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Old 04-18-2006   #11
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This is a great move...However in highschool as a receiver and back I was never to good at it...Wasnt much of a blocker at all...Just ran the ball like Bettis in his prime.
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Old 04-18-2006   #12
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Quote:
Originally Posted by RickDenver
Denver does not use the cut block as much since Alex Gibbs left as the O-Line coach. He is coaching for Atlanta now.
Wasn't there a big deal last year or year before when a player was hurt because of a Denver cut block? Seems like I remember Shan making a big deal about and putting together a cut block marathon of other teams that he claim cut block as much as Denver does.
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Old 04-18-2006   #13
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Our linemen have been cut blocking for the past couple of years. Denver gets notoriety because of their success and that one injury.
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Old 04-19-2006   #14
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Quote:
Originally Posted by Runner
Our linemen have been cut blocking for the past couple of years. Denver gets notoriety because of their success and that one injury.
Our linemen have been zone blocking, but they have not been significantly cut blocking to seal the back side as Denver and Atlanta regularly do. Here is an explanation of how cut blocks are used:

Quote:
A final element of the zone blocking scheme is the use of the much hated cut block to seal off backside pursuit. This means that any linemen on the backside of the play cut block defensive players in front of them, which drops the defensive players to the turf and, oddly enough, opens up holes for the running back. Note that the cut block is legal in this case, as long as the offensive lineman isn’t hitting the defender from behind and as long as he doesn’t roll up on his legs. But hitting him below the knees near the line of scrimmage is fair game, as much as the NFLPA doesn’t want it to be.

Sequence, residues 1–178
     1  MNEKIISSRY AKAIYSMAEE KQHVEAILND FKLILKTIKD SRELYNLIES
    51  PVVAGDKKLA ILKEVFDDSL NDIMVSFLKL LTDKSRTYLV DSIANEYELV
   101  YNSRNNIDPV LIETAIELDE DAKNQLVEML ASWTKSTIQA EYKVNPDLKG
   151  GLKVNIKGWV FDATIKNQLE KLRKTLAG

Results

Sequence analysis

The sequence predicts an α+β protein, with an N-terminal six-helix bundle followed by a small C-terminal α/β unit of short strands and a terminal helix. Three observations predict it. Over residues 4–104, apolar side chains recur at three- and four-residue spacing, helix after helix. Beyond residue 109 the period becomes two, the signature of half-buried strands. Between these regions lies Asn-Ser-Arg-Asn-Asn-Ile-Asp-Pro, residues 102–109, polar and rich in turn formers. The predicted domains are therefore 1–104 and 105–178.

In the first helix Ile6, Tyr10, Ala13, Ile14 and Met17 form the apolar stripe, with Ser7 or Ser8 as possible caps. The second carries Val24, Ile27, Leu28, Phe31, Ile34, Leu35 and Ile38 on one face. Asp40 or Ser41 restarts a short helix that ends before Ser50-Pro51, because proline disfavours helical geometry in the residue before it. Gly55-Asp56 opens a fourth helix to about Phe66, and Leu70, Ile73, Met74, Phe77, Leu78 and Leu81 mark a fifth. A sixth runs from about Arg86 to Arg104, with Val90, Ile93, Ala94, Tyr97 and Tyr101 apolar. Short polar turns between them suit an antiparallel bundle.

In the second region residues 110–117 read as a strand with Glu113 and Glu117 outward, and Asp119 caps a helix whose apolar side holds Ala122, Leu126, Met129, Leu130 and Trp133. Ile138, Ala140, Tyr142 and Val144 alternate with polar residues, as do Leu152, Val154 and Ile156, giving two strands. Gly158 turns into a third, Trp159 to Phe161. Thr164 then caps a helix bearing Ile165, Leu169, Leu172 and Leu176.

From the same article, there is this note about Pendry saying cut blocks are not necessary:

Quote:
For the record, Joe Pendry claims that his zone blocking scheme doesn’t rely on cut blocks.
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JMO but this is another example of Pendry being wrong. Watch the Broncos or Atlanta for long and you will see RB's hitting the back side of the play much more frequently, particularly when the DL penetrates the front side.
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Old 04-27-2006   #15
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Quote:
Originally Posted by infantrycak
JMO but this is another example of Pendry being wrong. Watch the Broncos or Atlanta for long and you will see RB's hitting the back side of the play much more frequently, particularly when the DL penetrates the front side.
Maybe that's why Domanick had some nice runs, but not a lot of break-away's.